Results 1 to 6 of 6

Thread: Photoshop Save for Web

  1. #1

    Default Photoshop Save for Web

    Brothers,

    I am back again, for another question haha. I recently setup my photography blog and realized that after scaling down my images to 800 x 532, 72 dpi and quality 70% using the save for web function from photoshop, my image size is still roughly around 100++ KB. For optimum result (small size yet not compromise quality too much), what percentage should I set for the quality slider? From what I read, people seem to recommend quality of 70%, below that, they say will compromise the quality a lot.

    Thanks for your help

  2. #2

    Default Re: Photoshop Save for Web

    Quote Originally Posted by wisann View Post
    Brothers,

    I am back again, for another question haha. I recently setup my photography blog and realized that after scaling down my images to 800 x 532, 72 dpi and quality 70% using the save for web function from photoshop, my image size is still roughly around 100++ KB. For optimum result (small size yet not compromise quality too much), what percentage should I set for the quality slider? From what I read, people seem to recommend quality of 70%, below that, they say will compromise the quality a lot.

    Thanks for your help
    There is no best quality settings. You have to observe your images output to see if it is good with compression. Different contents gives you different output with different amount of compression settings.

    If your image is large, I recommend that you slice it up into multiple slices for more concurrent requests, which is usually good for nowadays bandwidth available by most consumers. 100KB is not exactly large unless you have a lot of images in the same webpage.

    Should have you are trying to achieve is a photo gallery webpage, a photo gallery plugin either in flash or javascript will help to manage the cluttering of the webpage as well as giving your audience a smaller thumbnail to click on. This will means they get a catalogue of photos which is small in sizes and they choose to wait and load the ones they are interested in.

    Setting caching on your web server will also makes your website seemingly faster for revisiting users or when they revisit visited webpages. They wouldn't need to reload whatever has been loaded previously.
    Last edited by David Kwok; 10th October 2011 at 04:15 PM.
    D3S|N70-200|N24-70|N24-85|N50f1.4|N35f2|SB800|SB900|Yashica GS|S95
    www.flickr.com/photos/davidktw

  3. #3
    Moderator
    Join Date
    Nov 2010
    Location
    Somewhere
    Posts
    3,443

    Default Re: Photoshop Save for Web

    In my opinion, with the current state of technology (as far as SG is concerned), you shouldn't be worrying about the bandwidth issue. If you have large files >300kb, you can consider doing slicing to slice up the pictures to smaller bits of 40-80kb or even smaller to help the loading of the images.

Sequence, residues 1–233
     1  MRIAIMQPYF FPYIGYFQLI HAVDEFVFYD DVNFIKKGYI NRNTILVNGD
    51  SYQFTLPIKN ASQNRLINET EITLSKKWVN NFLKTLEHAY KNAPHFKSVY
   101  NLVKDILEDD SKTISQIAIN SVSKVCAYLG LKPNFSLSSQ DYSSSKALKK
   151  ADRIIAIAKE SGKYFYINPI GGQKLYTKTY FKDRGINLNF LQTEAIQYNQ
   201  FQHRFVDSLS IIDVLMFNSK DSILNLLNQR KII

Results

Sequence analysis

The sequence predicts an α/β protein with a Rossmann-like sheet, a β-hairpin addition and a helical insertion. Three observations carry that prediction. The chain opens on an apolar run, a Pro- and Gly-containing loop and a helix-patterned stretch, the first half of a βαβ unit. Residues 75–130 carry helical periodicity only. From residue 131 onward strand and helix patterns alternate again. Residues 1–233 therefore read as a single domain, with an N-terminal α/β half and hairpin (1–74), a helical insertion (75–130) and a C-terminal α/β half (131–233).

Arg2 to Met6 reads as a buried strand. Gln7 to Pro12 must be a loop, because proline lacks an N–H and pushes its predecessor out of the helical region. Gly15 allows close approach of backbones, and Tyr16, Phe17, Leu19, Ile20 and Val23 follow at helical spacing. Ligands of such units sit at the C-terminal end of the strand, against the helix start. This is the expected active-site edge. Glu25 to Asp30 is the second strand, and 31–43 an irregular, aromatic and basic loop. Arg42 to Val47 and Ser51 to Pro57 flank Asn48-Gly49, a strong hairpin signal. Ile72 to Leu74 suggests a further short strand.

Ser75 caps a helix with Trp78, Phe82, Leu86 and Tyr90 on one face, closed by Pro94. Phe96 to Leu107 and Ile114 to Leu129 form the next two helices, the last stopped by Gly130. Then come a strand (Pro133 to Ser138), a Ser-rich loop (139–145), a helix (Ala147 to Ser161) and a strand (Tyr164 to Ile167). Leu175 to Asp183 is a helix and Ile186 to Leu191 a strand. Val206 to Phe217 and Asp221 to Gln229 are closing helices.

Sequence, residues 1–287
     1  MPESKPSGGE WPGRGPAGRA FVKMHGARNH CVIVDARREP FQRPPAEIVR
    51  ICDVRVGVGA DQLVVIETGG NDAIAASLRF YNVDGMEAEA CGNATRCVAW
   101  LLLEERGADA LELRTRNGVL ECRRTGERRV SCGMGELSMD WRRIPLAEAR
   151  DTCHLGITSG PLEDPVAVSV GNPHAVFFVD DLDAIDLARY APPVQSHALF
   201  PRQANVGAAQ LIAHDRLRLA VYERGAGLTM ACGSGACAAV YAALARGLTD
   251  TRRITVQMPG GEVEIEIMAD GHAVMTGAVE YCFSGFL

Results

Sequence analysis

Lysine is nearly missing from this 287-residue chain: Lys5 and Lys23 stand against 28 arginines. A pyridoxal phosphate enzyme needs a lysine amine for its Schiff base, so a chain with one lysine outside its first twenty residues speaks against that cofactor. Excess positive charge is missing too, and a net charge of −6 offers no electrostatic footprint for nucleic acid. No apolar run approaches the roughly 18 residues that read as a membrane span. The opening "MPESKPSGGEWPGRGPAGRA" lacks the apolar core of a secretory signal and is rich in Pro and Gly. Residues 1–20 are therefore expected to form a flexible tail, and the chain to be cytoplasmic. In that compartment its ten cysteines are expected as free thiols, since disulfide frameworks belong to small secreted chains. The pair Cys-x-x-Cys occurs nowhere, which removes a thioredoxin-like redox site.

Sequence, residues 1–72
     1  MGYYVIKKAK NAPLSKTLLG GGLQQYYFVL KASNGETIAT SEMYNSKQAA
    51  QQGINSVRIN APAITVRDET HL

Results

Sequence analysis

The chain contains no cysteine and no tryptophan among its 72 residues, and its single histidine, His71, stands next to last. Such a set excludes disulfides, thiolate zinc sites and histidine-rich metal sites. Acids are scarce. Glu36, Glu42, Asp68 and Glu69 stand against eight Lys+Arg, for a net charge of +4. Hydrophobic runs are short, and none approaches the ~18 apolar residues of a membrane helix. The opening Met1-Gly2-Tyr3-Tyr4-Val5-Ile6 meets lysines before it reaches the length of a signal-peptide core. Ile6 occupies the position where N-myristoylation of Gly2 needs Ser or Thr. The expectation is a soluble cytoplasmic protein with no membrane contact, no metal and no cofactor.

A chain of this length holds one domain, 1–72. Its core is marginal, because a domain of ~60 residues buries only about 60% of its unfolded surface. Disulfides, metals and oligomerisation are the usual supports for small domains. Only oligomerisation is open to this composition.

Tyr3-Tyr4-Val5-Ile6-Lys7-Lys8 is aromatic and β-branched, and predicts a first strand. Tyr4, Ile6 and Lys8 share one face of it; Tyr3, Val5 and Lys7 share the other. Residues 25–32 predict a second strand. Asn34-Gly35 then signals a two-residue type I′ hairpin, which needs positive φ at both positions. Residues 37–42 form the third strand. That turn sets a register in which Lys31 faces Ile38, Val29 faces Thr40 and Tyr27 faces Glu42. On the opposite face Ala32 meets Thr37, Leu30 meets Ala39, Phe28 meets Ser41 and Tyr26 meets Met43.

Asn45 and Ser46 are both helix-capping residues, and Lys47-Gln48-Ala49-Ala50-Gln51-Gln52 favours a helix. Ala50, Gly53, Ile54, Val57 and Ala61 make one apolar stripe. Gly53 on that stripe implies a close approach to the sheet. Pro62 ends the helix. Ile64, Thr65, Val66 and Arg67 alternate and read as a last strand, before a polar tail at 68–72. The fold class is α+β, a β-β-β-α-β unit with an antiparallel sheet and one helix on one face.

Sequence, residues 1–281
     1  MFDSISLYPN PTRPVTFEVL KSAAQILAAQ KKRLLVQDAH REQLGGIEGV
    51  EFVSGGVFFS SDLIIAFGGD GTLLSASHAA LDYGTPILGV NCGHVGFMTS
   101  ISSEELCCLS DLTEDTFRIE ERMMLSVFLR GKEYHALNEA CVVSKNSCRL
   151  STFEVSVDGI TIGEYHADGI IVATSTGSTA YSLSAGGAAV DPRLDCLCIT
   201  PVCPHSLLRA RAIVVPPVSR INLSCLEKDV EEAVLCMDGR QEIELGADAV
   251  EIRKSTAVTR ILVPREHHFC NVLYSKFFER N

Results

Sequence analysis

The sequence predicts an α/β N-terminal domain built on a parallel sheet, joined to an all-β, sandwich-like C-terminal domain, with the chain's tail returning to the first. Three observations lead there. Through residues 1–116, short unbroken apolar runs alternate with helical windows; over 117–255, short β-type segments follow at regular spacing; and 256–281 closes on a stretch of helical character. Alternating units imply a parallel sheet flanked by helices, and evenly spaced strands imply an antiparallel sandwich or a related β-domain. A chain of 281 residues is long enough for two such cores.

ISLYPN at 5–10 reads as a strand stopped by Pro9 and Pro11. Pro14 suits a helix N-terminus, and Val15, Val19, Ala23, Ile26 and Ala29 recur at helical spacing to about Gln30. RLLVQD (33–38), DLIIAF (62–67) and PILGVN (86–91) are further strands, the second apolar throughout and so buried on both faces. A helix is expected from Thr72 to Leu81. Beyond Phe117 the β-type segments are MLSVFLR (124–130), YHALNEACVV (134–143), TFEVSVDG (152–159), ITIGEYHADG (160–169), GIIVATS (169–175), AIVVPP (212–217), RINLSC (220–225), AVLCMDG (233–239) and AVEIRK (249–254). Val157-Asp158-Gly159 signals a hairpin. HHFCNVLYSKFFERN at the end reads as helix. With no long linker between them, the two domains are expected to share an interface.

Too many great equipments but too little quality photos. [My Flickr] | [My Blog]

  4. #4
    Senior Member edutilos-'s Avatar
    Join Date
    Dec 2010
    Location
    The Universe
    Posts
    5,991

    Default Re: Photoshop Save for Web

    Quote Originally Posted by wisann View Post
    Brothers,

    I am back again, for another question haha. I recently setup my photography blog and realized that after scaling down my images to 800 x 532, 72 dpi and quality 70% using the save for web function from photoshop, my image size is still roughly around 100++ KB. For optimum result (small size yet not compromise quality too much), what percentage should I set for the quality slider? From what I read, people seem to recommend quality of 70%, below that, they say will compromise the quality a lot.

    Thanks for your help
    It depends on the amount of detail present in the photograph.

    You have to understand how JPG compression works. A good read here: http://brycetech.daz3d.com/tutor/win...mpression.html

    If say, you have a photograph with a lot of OOF elements, e.g. portrait, it will be slightly more resilient to being packed into smaller file sizes compared to a photograph with a lot of inherent detail.

    Here's an example of a landscape at 80% quality, then 50%, then 20%. Check out the sky for the banding artefacts and degradation of detail overall (pixellation, etc).

    80% (file size: 102kb)


    50% (file size: 44kb)


    And 20% (file size: 24kb)

  5. #5
    Senior Member edutilos-'s Avatar
    Join Date
    Dec 2010
    Location
    The Universe
    Posts
    5,991

    Default Re: Photoshop Save for Web

    Compare this to a cat portrait, same order. Check out the OOF areas on the right.

    80% (66kb)


    50% (30kb)


    20% (17kb)


    Just compare the file sizes, JPG compression already packs the 80% file into a much smaller package than the landscape photo.

  6. #6

    Default Re: Photoshop Save for Web

    Quote Originally Posted by SkyStrike View Post
    In my opinion, with the current state of technology (as far as SG is concerned), you shouldn't be worrying about the bandwidth issue. If you have large files >300kb, you can consider doing slicing to slice up the pictures to smaller bits of 40-80kb or even smaller to help the loading of the images.
    Sometimes bandwidth is not really about speed, it's also related to cost when you are paying for the hosting. That being said, that must be a popular site with significant traffic and images to hit significantly.
    D3S|N70-200|N24-70|N24-85|N50f1.4|N35f2|SB800|SB900|Yashica GS|S95
    www.flickr.com/photos/davidktw

Bookmarks

Posting Permissions

  • You may not post new threads
  • You may not post replies
  • You may not post attachments
  • You may not edit your posts
  •